ASU journalism professor Julia WallaceJulia Wallace is a professor of practice and the Frank Russell Chair at ASU’s Walter Cronkite School of Journalism and Mass Communication. The Frank Russell Chair was created in 2000 through a $1 million gift from Central Newspapers Inc. said op-eds can be a valuable tool for everyday citizens who want to be more informed.

“What op-eds do is allow us to hear from many different voices on any given topic,” she said, giving readers an accessible way to grasp the pros and cons of an issue. “They can be a really effective way to get people to think a little more about their position.”

Tips for an effective op-ed

Wallace shares her advice for those who hope to write an op-ed — and get it published:

  • Be clear. The main thing is clarity of thought. A big reason op-eds don’t make it into newspapers is because they try to make too many points at once. Figure out what your point is, what is the one message you want to leave the reader with.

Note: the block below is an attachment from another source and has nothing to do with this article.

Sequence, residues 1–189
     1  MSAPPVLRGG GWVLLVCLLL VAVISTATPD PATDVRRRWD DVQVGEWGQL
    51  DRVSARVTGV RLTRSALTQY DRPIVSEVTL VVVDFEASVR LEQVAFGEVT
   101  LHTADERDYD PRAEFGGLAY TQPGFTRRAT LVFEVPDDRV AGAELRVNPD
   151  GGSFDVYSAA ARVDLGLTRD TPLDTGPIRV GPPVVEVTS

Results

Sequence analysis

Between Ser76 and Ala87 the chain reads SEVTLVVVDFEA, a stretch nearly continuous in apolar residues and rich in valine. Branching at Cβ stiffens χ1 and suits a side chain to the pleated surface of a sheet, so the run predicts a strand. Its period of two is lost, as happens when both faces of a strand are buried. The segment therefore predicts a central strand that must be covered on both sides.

• Be concise. Write clearly and concisely. You want to cram as much information in there as you can. Give specific examples, but keep it short and sweet.
  • Be interesting. You’ve got to figure out how to make it interesting. Tell a personal anecdote, make it come to life with an example. Give people something that makes them want to keep reading.
  • Know your audience. Depending on the publication, you may want to adjust your style. Read what kind of op-eds get published there. How to write an op-ed for the Wall Street Journal will be different than how to write an op-ed for USA Today.

Top photo: ASU Prep biology teacher Camila Tompkins points out some weaker arguments in an op-ed during a writing workshop at ASU Prep in February. Photo by Deanna Dent/ASU Now

ASU names Outstanding Doctoral Mentors for 2016-2017

February 10, 2017

An award-winning professor in counseling and psychology, an international expert in linguistics, and a renowned authority in geographical sciences and urban planning have been named the Outstanding Doctoral Mentors of 2016-2017 by Arizona State University Graduate College.